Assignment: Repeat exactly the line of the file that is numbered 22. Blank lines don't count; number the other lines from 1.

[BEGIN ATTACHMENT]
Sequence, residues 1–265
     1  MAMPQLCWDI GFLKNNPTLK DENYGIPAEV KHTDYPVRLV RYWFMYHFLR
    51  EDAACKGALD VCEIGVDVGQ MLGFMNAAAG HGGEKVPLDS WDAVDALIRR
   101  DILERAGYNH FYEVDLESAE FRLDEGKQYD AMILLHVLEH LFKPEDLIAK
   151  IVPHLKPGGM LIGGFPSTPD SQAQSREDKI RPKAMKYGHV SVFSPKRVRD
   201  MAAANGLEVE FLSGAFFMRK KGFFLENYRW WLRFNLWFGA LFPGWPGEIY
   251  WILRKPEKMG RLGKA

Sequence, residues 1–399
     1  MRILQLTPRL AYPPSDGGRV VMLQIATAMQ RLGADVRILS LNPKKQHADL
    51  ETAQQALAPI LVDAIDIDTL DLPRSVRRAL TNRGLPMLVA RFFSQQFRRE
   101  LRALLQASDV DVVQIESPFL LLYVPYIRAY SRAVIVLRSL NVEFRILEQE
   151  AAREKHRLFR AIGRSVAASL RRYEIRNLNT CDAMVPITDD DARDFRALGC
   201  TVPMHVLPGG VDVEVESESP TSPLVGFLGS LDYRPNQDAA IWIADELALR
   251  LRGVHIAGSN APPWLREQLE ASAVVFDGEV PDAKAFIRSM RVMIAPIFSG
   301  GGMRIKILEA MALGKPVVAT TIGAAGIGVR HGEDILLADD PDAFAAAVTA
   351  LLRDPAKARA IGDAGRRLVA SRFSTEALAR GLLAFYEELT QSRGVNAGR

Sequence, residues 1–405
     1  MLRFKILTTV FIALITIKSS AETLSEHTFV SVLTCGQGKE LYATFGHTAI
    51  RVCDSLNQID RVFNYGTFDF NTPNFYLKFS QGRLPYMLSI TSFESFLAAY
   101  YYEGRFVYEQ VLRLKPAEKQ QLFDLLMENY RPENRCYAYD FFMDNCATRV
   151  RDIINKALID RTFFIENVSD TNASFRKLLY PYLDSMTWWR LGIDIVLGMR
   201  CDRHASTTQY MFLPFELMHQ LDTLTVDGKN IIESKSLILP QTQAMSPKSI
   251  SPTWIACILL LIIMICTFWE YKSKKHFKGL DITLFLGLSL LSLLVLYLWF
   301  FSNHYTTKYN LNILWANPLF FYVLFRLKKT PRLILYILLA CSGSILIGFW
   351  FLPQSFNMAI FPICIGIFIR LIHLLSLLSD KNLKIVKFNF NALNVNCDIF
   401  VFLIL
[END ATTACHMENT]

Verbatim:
   201  CDRHASTTQY MFLPFELMHQ LDTLTVDGKN IIESKSLILP QTQAMSPKSI